April 28, 2008
It was October 4, 2001, and State Health Director Leah M. Devlin and other officials were in a homeland security meeting. The FBI agent assigned to North Carolina left the room to take a phone call. During the next break, he took Devlin and the head of the State Bureau of Investigation (SBI) aside.
“I just want to let you know that we have — ” he began.
“Pulmonary anthrax,” Devlin finished for him. The CDC had already notified her that a Florida man being treated for the rare, deadly disease had been traveling in North Carolina just before he became ill.
Though the source of the man’s disease would later be traced to anthrax spores sent through the postal system to his Florida office, no one knew that then. Likewise, no one knew — though many feared — that his illness signaled a bioterrorist attack.
“That was the day public health in North Carolina changed forever,” Devlin says. “We started right then with a massive investigation, trying to determine the source of his exposure and whether anybody else was sick.” Devlin led an effort involving 19 hospitals, multiple counties and thousands of medical records. It called on the expertise of microbiologists, epidemiologists, medical examiners, veterinarians and many other specialists, including law enforcement agents. “The fact that Public Health knew about this before the FBI gave us instant credibilityand made us worthy of collaboration,” Devlin says. “We had the FBI and SBI on every conference call we had. They were participating in public health work even as they did their own investigations.”
The incident demonstrated to legislators and the public that health departments play a critical role in defending against bioterrorism and other threats. It also served as a fire drill for the agencies themselves. Under Devlin’s leadership, her team analyzed what worked well and what didn’t and put plans in place to ensure that the departments would respond to future incidents — like the subsequent West Nile virus outbreak — even more efficiently and effectively. They also built on something that started that October day, what Devlin calls a “fabulous partnership with law enforcement.”
As a result, North Carolina now stands as a national model of preparedness for public health emergencies, whether bioterrorism, emerging infectious disease or natural disaster. The accomplishment is particularly striking in light of the fact that when Devlin was confronted with the anthrax case, she had been directing the state health department for only a few months.
Devlin says she didn’t even know what a health department was until she was a junior in UNC’s School of Dentistry and did a rotation with the Wake County Health Department through the N.C. Area Health Education Centers Program (AHEC). Once she graduated, she went to work for the county as a dentist and later moved into dental public health administration there. By the time she was asked to serve as the county’s acting health director, a position that later became permanent, she had earned her master’s in public health, one of the first completed through the UNC School of Public Health’s distance learning program. After ten years as Wake County health director, she moved to the state Division of Public Health as deputy director; five years later, she began serving as state health director and director of the Division.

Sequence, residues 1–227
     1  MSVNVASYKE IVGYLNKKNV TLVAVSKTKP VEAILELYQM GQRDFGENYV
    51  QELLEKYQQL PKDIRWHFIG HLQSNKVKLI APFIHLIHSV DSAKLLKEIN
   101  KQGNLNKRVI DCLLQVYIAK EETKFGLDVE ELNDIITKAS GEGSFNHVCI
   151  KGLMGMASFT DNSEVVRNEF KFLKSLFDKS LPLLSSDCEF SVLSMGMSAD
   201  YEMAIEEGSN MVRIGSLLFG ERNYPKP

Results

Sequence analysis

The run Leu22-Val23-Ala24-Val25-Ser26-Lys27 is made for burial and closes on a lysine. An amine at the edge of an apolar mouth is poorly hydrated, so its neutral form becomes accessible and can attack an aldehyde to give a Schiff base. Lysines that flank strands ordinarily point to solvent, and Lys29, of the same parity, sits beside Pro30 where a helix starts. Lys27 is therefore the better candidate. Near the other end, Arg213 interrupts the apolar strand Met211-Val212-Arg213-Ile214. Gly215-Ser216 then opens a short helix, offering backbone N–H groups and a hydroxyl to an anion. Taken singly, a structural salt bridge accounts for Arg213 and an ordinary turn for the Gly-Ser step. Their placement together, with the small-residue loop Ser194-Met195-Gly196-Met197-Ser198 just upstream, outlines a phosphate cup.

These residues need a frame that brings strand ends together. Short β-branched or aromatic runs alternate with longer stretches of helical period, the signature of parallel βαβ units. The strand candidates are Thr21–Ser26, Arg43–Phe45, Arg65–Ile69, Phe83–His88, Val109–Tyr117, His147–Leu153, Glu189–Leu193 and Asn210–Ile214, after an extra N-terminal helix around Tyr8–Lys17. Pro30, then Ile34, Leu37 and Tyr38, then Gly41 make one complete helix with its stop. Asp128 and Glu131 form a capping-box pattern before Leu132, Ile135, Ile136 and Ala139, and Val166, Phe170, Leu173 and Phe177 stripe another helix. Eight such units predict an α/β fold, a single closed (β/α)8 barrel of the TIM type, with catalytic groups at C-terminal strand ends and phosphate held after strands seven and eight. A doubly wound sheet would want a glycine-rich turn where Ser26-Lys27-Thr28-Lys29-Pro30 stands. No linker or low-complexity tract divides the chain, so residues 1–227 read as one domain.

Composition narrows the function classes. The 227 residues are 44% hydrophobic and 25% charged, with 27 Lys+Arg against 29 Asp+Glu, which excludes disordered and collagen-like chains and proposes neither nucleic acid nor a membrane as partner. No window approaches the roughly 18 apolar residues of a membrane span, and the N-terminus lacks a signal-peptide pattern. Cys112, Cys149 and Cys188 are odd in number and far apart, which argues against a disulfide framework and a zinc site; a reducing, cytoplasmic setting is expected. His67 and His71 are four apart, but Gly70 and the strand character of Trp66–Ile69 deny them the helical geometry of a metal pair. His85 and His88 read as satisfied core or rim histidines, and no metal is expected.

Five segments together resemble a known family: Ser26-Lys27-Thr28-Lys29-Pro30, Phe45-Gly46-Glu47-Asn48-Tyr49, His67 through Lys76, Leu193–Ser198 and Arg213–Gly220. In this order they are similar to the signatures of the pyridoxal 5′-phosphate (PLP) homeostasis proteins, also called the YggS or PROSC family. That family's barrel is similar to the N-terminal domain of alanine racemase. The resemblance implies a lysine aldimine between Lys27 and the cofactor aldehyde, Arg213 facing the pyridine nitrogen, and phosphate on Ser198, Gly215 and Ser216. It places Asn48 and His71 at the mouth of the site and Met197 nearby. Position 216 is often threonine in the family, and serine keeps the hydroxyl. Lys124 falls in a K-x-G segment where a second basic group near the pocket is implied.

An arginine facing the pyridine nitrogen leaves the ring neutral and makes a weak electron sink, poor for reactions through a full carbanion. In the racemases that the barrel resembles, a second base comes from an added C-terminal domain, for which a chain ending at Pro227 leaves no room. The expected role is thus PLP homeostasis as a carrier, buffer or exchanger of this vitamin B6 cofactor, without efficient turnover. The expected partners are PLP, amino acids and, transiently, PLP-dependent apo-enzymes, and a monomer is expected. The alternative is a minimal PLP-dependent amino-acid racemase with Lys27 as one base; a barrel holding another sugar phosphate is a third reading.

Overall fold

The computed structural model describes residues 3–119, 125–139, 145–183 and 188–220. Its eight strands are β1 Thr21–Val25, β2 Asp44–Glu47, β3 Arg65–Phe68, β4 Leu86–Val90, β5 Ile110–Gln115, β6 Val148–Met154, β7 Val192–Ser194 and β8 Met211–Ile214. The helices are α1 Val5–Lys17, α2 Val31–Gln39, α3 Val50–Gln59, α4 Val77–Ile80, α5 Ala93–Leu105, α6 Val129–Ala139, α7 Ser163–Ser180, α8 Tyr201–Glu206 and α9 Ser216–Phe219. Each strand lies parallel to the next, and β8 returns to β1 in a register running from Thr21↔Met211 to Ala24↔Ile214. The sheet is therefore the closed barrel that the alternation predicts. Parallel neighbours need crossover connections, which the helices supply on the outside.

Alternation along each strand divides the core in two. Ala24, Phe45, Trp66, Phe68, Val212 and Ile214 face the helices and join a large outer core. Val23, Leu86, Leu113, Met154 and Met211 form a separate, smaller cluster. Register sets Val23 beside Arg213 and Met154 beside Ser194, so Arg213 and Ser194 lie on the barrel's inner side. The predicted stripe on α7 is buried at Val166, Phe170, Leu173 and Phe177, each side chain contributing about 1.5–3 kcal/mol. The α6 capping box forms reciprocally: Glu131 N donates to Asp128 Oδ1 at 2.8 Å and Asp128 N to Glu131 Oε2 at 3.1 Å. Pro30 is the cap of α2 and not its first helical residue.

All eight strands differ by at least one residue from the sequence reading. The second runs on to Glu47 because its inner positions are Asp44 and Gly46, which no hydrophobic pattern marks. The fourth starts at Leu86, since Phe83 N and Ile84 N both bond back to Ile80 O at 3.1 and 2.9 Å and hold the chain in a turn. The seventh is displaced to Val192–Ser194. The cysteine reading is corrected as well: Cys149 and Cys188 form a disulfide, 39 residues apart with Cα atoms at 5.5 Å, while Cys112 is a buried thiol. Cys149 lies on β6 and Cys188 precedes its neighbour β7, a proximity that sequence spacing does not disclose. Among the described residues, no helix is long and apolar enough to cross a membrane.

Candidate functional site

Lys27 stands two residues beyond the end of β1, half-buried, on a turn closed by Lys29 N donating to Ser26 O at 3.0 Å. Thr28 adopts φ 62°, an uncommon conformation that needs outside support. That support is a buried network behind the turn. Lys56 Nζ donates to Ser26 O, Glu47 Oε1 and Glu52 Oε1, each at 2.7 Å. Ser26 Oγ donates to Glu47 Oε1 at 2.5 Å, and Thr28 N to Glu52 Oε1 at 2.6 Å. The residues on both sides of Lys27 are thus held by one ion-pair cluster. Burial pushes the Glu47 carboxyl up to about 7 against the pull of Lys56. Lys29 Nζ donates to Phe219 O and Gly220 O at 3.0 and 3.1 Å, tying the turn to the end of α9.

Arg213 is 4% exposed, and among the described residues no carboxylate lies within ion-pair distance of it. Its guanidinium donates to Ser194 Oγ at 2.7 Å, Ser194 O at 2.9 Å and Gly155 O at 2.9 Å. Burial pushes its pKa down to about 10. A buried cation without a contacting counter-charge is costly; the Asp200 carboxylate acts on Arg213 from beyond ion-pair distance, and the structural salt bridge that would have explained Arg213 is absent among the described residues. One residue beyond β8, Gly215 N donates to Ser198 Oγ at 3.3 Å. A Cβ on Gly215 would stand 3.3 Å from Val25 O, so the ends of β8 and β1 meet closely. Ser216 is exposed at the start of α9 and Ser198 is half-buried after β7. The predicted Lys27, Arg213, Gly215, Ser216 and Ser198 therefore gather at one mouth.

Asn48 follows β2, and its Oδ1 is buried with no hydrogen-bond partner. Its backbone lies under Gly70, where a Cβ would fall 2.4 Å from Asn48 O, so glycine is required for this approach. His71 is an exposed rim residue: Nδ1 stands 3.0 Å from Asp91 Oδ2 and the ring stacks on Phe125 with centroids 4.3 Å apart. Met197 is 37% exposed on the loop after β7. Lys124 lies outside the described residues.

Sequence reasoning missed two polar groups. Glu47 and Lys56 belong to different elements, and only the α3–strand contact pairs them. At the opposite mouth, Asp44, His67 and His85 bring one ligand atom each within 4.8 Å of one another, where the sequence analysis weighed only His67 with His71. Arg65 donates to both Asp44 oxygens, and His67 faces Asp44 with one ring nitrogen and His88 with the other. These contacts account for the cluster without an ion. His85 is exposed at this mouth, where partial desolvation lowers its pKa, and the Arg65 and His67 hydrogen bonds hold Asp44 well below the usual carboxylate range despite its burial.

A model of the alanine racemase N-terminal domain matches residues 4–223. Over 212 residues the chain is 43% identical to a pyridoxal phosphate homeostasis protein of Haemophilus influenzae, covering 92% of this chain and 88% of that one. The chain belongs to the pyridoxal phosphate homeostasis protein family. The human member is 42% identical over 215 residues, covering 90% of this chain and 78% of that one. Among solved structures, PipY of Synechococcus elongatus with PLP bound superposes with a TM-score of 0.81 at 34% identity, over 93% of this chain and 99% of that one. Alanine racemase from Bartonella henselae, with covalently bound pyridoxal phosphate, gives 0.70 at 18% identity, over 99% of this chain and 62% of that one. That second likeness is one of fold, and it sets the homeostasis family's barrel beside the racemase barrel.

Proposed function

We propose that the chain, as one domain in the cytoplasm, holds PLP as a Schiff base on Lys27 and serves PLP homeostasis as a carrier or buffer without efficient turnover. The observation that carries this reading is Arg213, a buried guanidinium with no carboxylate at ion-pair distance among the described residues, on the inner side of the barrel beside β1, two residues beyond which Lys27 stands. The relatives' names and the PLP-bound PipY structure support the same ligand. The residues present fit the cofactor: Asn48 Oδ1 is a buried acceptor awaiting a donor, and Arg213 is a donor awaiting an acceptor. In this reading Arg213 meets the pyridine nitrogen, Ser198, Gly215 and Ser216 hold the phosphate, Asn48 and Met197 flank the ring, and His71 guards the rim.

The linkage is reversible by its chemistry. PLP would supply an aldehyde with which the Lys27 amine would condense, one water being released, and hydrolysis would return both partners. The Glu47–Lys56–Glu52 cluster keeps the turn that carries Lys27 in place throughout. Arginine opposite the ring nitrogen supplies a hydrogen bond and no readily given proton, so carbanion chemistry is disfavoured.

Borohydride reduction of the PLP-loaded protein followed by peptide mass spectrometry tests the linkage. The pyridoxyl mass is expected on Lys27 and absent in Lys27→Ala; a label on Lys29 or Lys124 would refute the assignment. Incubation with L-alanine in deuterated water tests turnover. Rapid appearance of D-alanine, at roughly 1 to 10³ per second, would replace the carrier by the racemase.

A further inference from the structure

“She is extremely well respected across the country as well as in Congress and in the [Federal] administration,” says Dr. Paul E. Jarris, executive director of the Association of State and Territorial Health Officers, an organization for which Devlin recently served as president. “When a national group or think tank is being put together, people often want Leah.”
On Devlin’s watch, North Carolina also became the first — and so far the only — state to mandate accreditation for local health departments and so make quality and capacity consistent across the state. Her department works closely with the School’s North Carolina Institute for Public Health, which is the state accreditation administrator.
“There is now a national movement to do this in the rest of the country,” says Dr. Ron Levine, himself a former state health director and a longtime mentor. “She is clearly the lead person on that.”
Devlin is such a successful leader, Levine says, because she has the ability to bring together diverse interests. Jarris credits her quick grasp of complex issues and her ability to be at once very pleasant and extremely direct. In a meeting with federal Secretary of Health and Human Services Mike Leavitt, for instance, Devlin commented that something was “just nonsense.”
“He stopped, looked at her and wanted to talk with her because people in his position rarely hear that,” Jarris says. “She has a wonderful ability to say those things in a nice way.”
Devlin credits her colleagues in North Carolina’s Division of Public Health for the state’s national reputation as an innovator in public health.
“If I have a strength, it’s being able to find good people to work with,” she says. “That’s my biggest strength.”
— by Kathleen Kearns
Carolina Public Health is a publication of the University of North Carolina at Chapel Hill School of Public Health. To subscribe to Carolina Public Health or to view the entire Spring 2008 issue in PDF, visit www.sph.unc.edu/cph.
September 25, 2023 Scientists from the Gillings School collaborated with N.C. public health experts on an issue of the North Carolina Medical Journal documenting common-sense community-based programs and people that are working to make firearm ownership safer in the state using evidence-based approaches to lower the probability of firearm-related injuries and deaths.